A Cabinet of Roman Curiosities: Strange Tales and Surprising Facts from the World's Greatest Empire by J.C. McKeown
My rating: 5 of 5 stars
Book Info: Genre: Non-fiction, historical anecdotes
Reading Level: Any who can read it can learn some fun facts about Rome
Recommended for: Anyone interested in learning fun and interesting facts about the Romans
My Thoughts: There are a number of quotes from the book in the synopsis, but I just have to add a few of my own that I found funny, such as:
Romans on Dealing with Children:If that isn't enough to pique your interest in this very entertaining book, then just consider the sorts of interesting things you might learn! Because this book is filled with stuff like I've given above, and the author has provided below. I highly recommend this book, and plan to seek out his other book about the Greeks.
Pliny states, in “Natural History”, “Putting goat dung in their diapers soothes hyperactive children, especially girls.” [pg. 5]
Romans on Solving Marital Discord:
Livy reports that about 170 women from leading families were convicted in 331 B.C. of poisoning their husbands. Other sources give even larger numbers. [pg. 8]
Romans' Preferred Animal to keep Watch:
Marcus Manlius Capitolinus saved the Capitol from the Gauls in the early 4th century B.C. when he was alerted to their approach by the cackling of Juno's sacred geese. [pg. 19]
Romans Naming Themselves:
Caracalla [ruled A.D. 211—217] called himself Germanicus after victories over the Germans, and it was said that he was mad enough and stupid enough to say that, had he conquered Lucania [a region in southern Italy], he would have claimed the title Lucanicus [which means not only “Lucanian” but also “sausage”]. (Historia Augusta Life of Caracalla 5). [pg. 21]
Romans on Successful Grape Cultivation:
“Vines should be freed for a few days from the trees to which they were attached, and allowed to wander and spread themselves, and lie on the ground they have gazed at for the whole year. Just as cattle released from the yoke and the dogs after a hunt enjoy rolling about, so vines also like to stretch their lumbar regions.” (Pliny Natural History 17.209) [p. 60]
Romans on Useful Medical Treatments:
“Touching the nostrils of a she-mule with one's lips is said to stop sneezing and hiccups” (Pliny Natural History 28.57).
“Sexual intercourse is good for lower back pain, for weakness of the eyes, for derangement, and for depression” (Pliny Natural History 28.58). [p. 73]
Romans on Proper Disposition of Criminals:
A justification for vivisection: “It is not cruel, as most people maintain, that remedies for innocent people's ailments in all future ages should be sought through the sufferings of just a few criminals” (Celsus On Medicine Proem 26). [p. 77]
Romans on Making Friends Through Diplomacy:
Cats were regarded as sacred in Egypt. In the mid-1st century B.C., the historian Diodorus Siculus was an eyewitness when an Egyptian mob lynched a member of a Roman embassy who had accidentally killed a cat (The Library 1.83). [p. 121]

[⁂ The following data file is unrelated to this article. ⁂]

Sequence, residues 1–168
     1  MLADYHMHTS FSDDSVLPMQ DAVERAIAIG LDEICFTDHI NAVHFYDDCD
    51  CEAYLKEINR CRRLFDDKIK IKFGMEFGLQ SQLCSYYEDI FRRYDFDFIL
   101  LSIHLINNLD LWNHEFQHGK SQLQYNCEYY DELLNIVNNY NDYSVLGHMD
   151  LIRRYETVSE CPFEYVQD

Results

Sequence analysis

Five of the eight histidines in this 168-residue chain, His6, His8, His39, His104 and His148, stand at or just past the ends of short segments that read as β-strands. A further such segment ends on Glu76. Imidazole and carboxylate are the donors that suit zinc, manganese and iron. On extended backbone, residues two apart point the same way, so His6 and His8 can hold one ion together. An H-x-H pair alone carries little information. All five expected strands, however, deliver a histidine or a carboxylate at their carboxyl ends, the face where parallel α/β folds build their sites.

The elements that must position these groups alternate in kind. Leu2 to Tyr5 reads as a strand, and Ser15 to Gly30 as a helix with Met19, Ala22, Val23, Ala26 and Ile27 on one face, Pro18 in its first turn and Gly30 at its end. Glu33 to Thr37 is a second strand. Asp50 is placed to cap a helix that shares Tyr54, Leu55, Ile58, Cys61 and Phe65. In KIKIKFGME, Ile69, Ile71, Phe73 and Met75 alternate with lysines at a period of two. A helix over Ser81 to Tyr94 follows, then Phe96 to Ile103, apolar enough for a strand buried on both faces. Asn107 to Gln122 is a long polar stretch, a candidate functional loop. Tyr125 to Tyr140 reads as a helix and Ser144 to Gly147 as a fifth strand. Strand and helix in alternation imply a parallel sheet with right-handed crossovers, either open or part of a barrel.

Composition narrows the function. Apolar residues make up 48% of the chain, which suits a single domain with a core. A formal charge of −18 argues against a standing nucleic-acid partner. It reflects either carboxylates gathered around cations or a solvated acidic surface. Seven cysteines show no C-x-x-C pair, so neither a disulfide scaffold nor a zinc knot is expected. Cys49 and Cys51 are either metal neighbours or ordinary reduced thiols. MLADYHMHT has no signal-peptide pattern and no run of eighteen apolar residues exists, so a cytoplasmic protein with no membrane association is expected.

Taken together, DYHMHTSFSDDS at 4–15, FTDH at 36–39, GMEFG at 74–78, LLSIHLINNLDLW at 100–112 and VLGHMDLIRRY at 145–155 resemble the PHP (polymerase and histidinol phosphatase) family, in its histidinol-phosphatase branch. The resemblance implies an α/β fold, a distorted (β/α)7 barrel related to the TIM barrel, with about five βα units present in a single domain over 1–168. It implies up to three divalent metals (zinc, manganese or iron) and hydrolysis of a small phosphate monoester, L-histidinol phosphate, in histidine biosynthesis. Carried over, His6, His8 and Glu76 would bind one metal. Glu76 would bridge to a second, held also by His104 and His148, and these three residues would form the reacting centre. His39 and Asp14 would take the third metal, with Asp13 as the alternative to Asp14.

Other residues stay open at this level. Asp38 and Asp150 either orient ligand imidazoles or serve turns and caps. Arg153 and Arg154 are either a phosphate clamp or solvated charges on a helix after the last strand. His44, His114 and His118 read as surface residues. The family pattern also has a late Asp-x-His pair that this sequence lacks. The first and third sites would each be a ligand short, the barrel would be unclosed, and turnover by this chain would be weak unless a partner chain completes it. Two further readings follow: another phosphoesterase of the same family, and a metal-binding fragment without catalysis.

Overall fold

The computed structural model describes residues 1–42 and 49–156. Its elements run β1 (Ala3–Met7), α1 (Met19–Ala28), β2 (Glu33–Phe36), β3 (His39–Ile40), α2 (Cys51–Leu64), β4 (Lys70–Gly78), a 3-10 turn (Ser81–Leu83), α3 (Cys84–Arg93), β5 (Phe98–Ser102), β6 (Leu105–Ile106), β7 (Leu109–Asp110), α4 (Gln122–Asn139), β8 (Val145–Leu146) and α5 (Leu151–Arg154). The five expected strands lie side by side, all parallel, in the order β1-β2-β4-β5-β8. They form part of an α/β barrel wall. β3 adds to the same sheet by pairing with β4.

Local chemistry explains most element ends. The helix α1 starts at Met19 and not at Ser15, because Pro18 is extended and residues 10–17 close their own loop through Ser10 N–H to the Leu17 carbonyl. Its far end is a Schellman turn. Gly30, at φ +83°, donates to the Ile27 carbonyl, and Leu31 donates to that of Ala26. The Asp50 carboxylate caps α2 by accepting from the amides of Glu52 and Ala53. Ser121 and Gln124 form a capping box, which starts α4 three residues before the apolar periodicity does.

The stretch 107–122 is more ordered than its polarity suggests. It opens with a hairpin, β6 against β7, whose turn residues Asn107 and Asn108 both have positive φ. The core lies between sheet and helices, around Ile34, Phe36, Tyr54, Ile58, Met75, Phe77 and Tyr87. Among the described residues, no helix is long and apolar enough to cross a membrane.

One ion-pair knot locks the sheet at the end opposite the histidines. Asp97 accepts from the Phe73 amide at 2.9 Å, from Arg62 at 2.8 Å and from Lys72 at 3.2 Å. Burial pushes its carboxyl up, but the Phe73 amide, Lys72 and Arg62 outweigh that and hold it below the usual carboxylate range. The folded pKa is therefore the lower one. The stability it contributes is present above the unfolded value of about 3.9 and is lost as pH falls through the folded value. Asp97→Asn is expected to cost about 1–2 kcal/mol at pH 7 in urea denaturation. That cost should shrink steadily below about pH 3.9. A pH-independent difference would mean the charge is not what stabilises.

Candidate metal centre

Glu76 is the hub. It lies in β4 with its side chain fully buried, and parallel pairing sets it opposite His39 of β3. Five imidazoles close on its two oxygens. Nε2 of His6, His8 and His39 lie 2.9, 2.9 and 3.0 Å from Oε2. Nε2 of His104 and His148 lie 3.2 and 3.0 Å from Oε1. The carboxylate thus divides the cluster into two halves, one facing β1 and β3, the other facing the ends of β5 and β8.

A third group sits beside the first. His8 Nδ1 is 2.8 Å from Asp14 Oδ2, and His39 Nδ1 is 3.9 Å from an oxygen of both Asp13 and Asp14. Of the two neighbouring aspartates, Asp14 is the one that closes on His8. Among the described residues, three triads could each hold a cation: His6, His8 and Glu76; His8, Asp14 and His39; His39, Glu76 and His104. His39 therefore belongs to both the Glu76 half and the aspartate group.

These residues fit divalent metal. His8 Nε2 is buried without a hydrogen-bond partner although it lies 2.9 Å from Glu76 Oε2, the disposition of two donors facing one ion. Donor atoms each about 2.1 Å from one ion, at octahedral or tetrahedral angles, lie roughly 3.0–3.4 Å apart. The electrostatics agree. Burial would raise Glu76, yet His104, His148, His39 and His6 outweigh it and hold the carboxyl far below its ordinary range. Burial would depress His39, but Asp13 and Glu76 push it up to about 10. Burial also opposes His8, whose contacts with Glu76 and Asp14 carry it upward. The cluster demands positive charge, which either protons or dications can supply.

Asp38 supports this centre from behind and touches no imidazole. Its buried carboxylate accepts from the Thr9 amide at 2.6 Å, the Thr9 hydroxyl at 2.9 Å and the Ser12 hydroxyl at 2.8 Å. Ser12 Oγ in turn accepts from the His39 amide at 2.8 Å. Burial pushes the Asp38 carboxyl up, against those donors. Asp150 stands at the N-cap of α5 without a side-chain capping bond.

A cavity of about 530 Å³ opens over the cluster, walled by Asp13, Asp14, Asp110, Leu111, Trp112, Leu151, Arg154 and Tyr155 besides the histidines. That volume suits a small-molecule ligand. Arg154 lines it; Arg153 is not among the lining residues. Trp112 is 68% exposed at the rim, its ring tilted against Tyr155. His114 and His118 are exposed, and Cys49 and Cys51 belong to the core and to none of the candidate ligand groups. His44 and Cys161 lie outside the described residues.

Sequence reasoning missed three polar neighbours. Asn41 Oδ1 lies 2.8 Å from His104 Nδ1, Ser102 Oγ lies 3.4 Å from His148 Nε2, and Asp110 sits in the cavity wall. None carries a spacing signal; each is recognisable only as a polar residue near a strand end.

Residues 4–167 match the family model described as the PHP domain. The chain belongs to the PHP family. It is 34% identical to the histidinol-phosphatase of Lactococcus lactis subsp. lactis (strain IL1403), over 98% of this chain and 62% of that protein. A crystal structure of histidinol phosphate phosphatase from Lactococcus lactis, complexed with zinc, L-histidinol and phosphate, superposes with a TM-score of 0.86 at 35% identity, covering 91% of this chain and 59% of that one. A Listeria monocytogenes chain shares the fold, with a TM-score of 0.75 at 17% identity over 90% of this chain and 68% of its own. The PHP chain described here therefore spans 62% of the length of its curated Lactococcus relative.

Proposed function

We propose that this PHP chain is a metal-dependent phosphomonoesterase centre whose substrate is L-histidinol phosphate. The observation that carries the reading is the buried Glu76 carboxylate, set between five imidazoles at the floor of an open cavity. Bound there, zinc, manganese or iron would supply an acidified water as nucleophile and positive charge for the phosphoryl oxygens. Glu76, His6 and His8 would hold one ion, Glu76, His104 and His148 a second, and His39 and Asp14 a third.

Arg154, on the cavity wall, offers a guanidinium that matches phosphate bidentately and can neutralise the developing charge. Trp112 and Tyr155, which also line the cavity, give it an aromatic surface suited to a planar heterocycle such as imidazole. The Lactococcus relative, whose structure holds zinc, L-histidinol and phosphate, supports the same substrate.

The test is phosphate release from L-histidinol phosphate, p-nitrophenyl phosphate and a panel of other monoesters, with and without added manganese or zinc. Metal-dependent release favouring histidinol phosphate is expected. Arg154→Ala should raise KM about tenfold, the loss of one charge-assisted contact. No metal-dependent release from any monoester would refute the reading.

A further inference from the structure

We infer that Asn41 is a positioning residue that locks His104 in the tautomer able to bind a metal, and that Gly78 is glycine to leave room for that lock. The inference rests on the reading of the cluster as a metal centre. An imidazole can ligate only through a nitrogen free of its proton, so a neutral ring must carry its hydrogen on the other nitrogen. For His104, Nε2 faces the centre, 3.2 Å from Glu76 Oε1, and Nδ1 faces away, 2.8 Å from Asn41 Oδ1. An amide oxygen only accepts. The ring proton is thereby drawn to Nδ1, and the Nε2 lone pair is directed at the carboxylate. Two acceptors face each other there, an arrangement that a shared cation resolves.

Romans on Treating Alcoholism:
“People who drink wine in which eels have been drowned lose their appetite for drinking wine” (St. Isidore Etymologies 12.6.41). [p. 151]
“Apollinaris medicus Titi Imp. hic cacavit bene” (“Apollinaris, physician to the emperor Titus, had a fine shit here”) (Corpus of Latin Inscriptions 4.10619, a graffito in the Casa della Gemma in Herculaneum). [pg 186]
Romans on being Scrooge McDuck:
By the end, Caligula had developed a passion for handling money; he would often walk barefoot over huge heaps of gold coin poured out in a large open space, and sometimes he even lay down and wallowed in them (Suetonius, Life of Caligula 42). [pg. 217]
Disclosure: This book was a gift from a friend. All opinions are my own.
Synopsis: Here is a whimsical and captivating collection of odd facts, strange beliefs, outlandish opinions, and other highly amusing trivia of the ancient Romans. We tend to think of the Romans as a pragmatic people with a ruthlessly efficient army, an exemplary legal system, and a precise and elegant language. A Cabinet of Roman Curiosities shows that the Romans were equally capable of bizarre superstitions, logic-defying customs, and often hilariously derisive views of their fellow Romans and non-Romans.
Classicist J. C. McKeown has organized the entries in this entertaining volume around major themes—The Army, Women, Religion and Superstition, Family Life, Medicine, Slaves, Spectacles—allowing for quick browsing or more deliberate consumption. Among the book's many gems are:
Romans on urban living:For anyone seeking an inglorious glimpse at the underside of the greatest empire in history, A Cabinet of Roman Curiosities offers endless delights.
The satirist Juvenal lists "fires, falling buildings, and poets reciting in August as hazards to life in Rome."
On enhanced interrogation:
"If we are obliged to take evidence from an arena-fighter or some other such person, his testimony is not to be believed unless given under torture." (Justinian)
Dreaming of eating books "foretells advantage to teachers, lecturers, and anyone who earns his livelihood from books, but for everyone else it means sudden death"
"When people unwittingly eat human flesh, served by unscrupulous restaurant owners and other such people, the similarity to pork is often noted." (Galen)
In ancient Rome a marriage could be arranged even when the parties were absent, so long as they knew of the arrangement, "or agreed to it subsequently."
On health care:
Pliny caustically described medical bills as a "down payment on death," and Martial quipped that "Diaulus used to be a doctor, now he's a mortician. He does as a mortician what he did as a doctor."
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